PROCEEDINGS OF THE

INTERAMERICAN SYMPOSIUM ON AUTHENTICITY
IN THE CONSERVATION AND MANAGEMENT OF CULTURAL HERITAGE

SAN ANTONIO, TEXAS, USA MARCH, 1996

ICOMOS Mexico
Authenticity in Monuments and Historic Sites
by the Designated Committee Enrique X de Anda, Jorge Alberto Manrique, Augusto Molina and Louise Noelle

Introduction The present document, while containing certain general concepts, focuses specifically on the historic and monumental heritage of the Mexican Republic. Nevertheless, it can be made extensive to other geographic and cultural regions with similar characteristics. For the purpose of analysis and to follow the Nara recommendations, we considered segregating into five points the evaluation and characteristics of authenticity and the limitations of possible interventions. However, the value of authenticity must be considered as a single totality. Thus, neither evaluation nor interventions can focus on some aspects in detriment of others, but it is true that within the balance that historic authenticity must maintain, some of aspects may be predominant. This document is based on the current and regional interpretation of the Venice Charter, the Charter for Historic Towns, various documents issued in ICOMOS meetings and especially, the Charters of the InterAmerican Symposia of ICOMOS Mexico, as well as the cumulative experience of those who have intervened in the heritage resources of Mexico.

UNITED STATES NATIONAL COMMITTEE OF THE INTERNATIONAL COUNCIL ON MONUMENTS AND SITES COMITÉ NATIONAL DES ETATS UNIS DU CONSEIL INTERNATIONAL DES MONUMENTS ET DES SITES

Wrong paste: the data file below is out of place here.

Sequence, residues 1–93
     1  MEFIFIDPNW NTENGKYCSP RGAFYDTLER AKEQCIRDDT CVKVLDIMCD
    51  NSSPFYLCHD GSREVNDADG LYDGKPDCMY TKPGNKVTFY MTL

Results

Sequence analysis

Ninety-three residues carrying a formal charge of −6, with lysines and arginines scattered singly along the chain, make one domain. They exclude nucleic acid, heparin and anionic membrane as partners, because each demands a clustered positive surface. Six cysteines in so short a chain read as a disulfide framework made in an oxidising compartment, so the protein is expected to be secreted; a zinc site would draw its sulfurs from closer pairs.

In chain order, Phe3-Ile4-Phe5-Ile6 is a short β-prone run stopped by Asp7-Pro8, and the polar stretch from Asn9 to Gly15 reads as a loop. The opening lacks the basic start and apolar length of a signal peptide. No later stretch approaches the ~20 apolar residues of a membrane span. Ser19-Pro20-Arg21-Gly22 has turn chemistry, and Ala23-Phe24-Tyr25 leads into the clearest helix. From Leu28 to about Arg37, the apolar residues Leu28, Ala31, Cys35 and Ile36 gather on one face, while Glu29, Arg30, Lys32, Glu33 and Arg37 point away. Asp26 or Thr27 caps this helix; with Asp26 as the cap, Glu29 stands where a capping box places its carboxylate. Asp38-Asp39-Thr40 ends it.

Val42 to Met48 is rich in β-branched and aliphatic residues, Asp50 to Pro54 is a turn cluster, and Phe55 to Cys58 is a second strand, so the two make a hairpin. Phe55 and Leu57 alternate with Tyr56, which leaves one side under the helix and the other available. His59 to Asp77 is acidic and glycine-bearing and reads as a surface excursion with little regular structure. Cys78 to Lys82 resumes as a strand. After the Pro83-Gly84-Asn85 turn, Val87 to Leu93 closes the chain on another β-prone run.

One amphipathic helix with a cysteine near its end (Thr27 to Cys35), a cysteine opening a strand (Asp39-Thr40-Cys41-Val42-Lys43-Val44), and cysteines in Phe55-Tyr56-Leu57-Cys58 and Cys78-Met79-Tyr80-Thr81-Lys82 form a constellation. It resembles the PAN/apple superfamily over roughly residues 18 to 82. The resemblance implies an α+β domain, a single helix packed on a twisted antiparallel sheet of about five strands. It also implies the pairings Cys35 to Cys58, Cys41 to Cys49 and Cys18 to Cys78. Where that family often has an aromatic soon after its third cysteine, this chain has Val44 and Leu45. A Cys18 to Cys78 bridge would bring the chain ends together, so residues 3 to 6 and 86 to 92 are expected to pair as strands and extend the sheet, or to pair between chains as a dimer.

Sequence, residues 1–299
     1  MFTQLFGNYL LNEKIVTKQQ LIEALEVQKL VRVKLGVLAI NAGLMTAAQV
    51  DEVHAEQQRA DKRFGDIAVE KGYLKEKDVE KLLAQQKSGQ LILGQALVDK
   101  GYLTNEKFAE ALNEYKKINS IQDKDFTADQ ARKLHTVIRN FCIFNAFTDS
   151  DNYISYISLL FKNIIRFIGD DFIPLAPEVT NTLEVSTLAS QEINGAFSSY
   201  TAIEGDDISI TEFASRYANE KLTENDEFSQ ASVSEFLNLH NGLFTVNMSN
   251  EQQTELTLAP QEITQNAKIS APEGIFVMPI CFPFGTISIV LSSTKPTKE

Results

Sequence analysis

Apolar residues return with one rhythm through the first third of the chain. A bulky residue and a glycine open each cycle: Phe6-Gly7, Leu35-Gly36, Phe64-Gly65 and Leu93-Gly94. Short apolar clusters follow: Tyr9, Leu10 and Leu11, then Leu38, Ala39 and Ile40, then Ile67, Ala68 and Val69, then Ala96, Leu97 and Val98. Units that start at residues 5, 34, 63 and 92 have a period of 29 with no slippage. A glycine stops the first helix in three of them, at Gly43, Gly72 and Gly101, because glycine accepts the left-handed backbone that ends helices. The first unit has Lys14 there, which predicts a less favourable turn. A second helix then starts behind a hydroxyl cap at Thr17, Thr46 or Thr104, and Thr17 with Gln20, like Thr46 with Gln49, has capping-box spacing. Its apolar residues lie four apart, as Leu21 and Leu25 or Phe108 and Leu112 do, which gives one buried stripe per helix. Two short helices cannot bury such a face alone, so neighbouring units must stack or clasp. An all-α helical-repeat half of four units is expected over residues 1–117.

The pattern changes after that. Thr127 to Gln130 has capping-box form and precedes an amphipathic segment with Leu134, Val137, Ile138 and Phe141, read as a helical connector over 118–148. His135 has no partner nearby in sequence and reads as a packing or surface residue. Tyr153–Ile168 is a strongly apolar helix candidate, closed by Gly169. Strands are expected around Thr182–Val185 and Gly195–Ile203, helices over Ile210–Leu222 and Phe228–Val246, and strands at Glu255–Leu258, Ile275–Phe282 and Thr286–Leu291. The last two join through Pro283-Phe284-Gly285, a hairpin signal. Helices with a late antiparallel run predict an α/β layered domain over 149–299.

PROCEEDINGS OF THE

INTERAMERICAN SYMPOSIUM ON AUTHENTICITY
IN THE CONSERVATION AND MANAGEMENT OF CULTURAL HERITAGE

SAN ANTONIO, TEXAS, USA MARCH, 1996

1. Materials and Techniques In monuments and historic sites, materials (structural, finishes and decorative) are considered authentic if they are the ones used in the original fabric or if they were integrated during a significant stage of their history. In addition, materials must retain the same function and remain in situ. Finally, materials must maintain the same expressive intent given to them by their creators. As to techniques [manufacture, assemblies] utilized in these or other materials, those belonging to the original creation or resulting from modifications carried out during significant periods will be considered authentic.

All interventions in a monuments or site must retain the original materials as long as it is feasible to do so within current circumstances. Likewise, original construction techniques will also be preserved when handling those materials. Following the spirit of the Venice Charter, contemporary materials and techniques are allowed when these are indispensable to the permanence of the monument. There is always a preference for the use of the original materials or materials similar to them, as well as for surviving traditional crafts, which also helps foster traditional construction. In all cases the modification of materials and techniques must remain patent.
2. Structure The structural system and its original function are integral parts of the authenticity of a monument. Interventions must take into account this function lest they modify the structural systems, except in cases when it is indispensable for the monument's stability. 3. Form and Design